In the Thick of ItA blog on the U.S.-Russia relationship
Support for KPRF Wanes in Comparison to LDPR, Recent Poll Indicates
With one year left before the parliamentary elections in Russia, the nationalist Liberal Democratic Party of Russia (LDPR) has emerged as the second-most popular political party in Russia behind the ruling United Russia Party, according to the Levada Center.
The Russian independent polling organization’s Aug. 20-26 poll shows that the LDPR has extended the lead it gained in February over the Communist Party of the Russian Federation (KPRF). Poll results show that if an election were to be held on the coming Sunday, 16 percent of people who indicated that they would vote said they would choose the LDPR, compared to 45 percent for United Russia and 9 percent for the KPRF.
While the LDPR and KPRF have recorded similar poll numbers over the past few years, recently, the LDPR has polled significantly higher than the KPRF, as shown in Figure 1:
Analysts argue that the LDPR’s recent relative success can be tied to the pandemic and this summer’s protests in Khabarovsk. Aleksandr Pozhalov, a Moscow-based political scientist, notes that “during the period of the pandemic, pollsters recorded a decline in support for the parliamentary opposition,” and the fact that the LDPR’s popularity did not wane “likely shows a rise in the party’s popularity.”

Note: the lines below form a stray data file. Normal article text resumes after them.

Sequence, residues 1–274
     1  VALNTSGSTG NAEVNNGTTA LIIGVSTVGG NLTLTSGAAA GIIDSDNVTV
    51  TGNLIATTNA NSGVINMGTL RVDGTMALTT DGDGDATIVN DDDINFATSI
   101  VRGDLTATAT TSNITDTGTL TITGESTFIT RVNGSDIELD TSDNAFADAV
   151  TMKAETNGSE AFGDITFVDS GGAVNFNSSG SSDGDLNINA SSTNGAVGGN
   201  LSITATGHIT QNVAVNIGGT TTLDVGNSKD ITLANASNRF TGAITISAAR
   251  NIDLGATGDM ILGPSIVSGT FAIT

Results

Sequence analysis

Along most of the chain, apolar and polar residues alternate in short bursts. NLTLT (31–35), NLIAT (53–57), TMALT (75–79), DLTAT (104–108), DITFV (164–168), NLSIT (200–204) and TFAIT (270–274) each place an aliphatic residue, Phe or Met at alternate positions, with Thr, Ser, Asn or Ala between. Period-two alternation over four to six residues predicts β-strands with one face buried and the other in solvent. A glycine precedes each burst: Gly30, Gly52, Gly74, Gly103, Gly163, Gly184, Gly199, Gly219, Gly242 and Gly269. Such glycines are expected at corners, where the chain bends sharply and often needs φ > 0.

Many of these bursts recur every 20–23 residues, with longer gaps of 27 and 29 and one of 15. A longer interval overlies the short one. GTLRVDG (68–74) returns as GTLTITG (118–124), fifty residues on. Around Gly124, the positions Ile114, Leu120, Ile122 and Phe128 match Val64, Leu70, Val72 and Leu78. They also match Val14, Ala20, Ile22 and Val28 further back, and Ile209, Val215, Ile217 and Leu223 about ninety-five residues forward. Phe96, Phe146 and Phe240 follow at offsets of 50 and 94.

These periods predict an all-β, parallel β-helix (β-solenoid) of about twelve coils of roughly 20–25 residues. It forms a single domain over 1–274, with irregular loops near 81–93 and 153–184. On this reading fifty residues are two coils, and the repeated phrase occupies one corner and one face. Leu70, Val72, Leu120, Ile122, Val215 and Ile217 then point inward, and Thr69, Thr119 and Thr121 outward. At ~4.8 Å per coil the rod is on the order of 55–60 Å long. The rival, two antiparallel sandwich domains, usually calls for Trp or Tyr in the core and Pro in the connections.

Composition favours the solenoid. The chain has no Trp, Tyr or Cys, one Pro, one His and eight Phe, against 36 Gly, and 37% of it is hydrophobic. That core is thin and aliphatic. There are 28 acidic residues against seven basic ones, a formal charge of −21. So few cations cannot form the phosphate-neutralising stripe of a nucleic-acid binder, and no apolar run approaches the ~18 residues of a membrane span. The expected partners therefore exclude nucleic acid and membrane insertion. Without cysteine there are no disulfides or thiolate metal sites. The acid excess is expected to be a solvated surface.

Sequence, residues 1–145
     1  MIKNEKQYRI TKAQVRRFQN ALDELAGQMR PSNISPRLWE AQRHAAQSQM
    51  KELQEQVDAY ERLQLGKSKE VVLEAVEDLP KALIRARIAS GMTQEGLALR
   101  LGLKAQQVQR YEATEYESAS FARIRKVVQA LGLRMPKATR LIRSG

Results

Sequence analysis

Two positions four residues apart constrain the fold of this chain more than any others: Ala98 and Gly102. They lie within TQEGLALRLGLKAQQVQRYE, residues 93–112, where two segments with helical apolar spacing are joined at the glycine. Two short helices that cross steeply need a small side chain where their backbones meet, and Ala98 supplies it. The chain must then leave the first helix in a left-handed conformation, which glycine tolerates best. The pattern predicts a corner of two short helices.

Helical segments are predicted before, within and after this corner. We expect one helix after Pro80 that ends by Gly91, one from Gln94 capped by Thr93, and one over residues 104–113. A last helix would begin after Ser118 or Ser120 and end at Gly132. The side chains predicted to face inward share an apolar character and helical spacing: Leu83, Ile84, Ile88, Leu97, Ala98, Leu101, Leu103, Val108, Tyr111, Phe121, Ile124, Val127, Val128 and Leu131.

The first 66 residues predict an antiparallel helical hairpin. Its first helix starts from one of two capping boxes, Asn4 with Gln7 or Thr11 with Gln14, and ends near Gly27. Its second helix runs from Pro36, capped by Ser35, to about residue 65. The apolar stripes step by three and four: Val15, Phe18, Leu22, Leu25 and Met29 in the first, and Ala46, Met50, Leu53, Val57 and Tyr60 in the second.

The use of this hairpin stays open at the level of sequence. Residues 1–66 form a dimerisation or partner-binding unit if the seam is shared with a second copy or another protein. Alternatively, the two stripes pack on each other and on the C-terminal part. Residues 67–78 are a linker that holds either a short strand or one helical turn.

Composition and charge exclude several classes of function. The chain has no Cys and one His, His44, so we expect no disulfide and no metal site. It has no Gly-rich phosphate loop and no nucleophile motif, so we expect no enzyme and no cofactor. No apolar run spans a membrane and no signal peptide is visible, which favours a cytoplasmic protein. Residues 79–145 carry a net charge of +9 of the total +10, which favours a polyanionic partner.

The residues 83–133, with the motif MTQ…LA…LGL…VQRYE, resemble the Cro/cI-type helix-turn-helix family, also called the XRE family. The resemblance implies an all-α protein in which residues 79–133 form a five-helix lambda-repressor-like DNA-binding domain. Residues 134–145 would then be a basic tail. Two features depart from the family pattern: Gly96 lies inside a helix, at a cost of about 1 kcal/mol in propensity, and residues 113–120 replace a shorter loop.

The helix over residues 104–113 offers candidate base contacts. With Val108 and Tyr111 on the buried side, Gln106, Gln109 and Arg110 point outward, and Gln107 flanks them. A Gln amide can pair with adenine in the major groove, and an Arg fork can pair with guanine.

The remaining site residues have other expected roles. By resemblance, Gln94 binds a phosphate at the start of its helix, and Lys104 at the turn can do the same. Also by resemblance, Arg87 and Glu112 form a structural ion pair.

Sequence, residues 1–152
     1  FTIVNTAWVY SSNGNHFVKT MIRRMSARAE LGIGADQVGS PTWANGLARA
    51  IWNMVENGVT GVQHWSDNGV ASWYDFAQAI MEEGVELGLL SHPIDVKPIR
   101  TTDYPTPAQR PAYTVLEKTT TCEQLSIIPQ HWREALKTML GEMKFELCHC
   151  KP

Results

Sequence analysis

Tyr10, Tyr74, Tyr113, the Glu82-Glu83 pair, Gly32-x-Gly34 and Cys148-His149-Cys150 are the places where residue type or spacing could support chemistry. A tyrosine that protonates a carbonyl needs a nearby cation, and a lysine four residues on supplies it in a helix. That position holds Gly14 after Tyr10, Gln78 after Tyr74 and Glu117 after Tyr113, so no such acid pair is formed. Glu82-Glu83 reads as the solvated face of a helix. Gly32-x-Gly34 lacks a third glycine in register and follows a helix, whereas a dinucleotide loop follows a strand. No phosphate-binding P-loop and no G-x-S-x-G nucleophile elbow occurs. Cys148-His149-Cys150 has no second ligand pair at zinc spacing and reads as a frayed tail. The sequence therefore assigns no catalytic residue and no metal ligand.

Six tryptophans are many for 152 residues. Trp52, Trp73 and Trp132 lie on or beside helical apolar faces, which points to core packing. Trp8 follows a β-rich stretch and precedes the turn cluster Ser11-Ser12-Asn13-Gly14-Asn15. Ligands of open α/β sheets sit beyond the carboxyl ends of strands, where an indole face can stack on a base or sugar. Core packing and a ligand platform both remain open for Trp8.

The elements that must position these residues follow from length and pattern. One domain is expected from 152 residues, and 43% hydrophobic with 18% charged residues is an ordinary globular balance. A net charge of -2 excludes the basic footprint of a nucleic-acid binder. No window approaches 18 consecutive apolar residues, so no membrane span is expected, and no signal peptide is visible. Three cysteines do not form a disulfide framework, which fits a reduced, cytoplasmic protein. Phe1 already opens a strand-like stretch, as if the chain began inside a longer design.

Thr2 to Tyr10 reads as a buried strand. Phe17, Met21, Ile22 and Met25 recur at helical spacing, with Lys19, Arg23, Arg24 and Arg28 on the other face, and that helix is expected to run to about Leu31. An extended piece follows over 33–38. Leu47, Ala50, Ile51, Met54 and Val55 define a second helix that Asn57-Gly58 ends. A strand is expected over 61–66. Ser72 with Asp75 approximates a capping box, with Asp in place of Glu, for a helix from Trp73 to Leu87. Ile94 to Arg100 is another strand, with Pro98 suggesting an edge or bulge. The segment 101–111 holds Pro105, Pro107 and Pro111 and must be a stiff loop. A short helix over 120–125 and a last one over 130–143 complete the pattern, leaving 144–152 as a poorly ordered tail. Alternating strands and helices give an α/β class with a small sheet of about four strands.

The effects of this summer’s protests have had less of a clear effect, argues Levada Center director Lev Gudkov. The protests, which occurred in the Russian far-eastern city of Khabarovsk following the arrest and removal of popular LDPR governor Sergey Furgal, were “not associated with the LDPR” party so much as with Furgal himself: “Sergey Furgal is perceived there as an independent politician who, yes, once did run as an LDPR member. Vladimir Zhirinovsky [LDPR’s leader] is trying to create political capital out of this situation, but in the minds of the people, Furgal and the LDPR are two different things.” Furthermore, Pozhalov noted that due to the protests, the LDPR has been in the public eye more, which may lead to inflated results.
On Sept. 13, Russians will head to the polls for regional elections; however, the next Duma elections are still a year away. While the current poll numbers certainly do not automatically indicate that the KPRF will relinquish its position as the second-most represented political party in the Duma in the next election cycle, the LDPR’s lead in the polls over the KPRF has grown noticeably, and in the midst of a year of uncertainties, this is a phenomenon certainly worth noting.
- Data and code can be found at https://github.com/dfshapir/levada.
Photo by Ivan Abaturov shared via a CC BY-SA 4.0 license.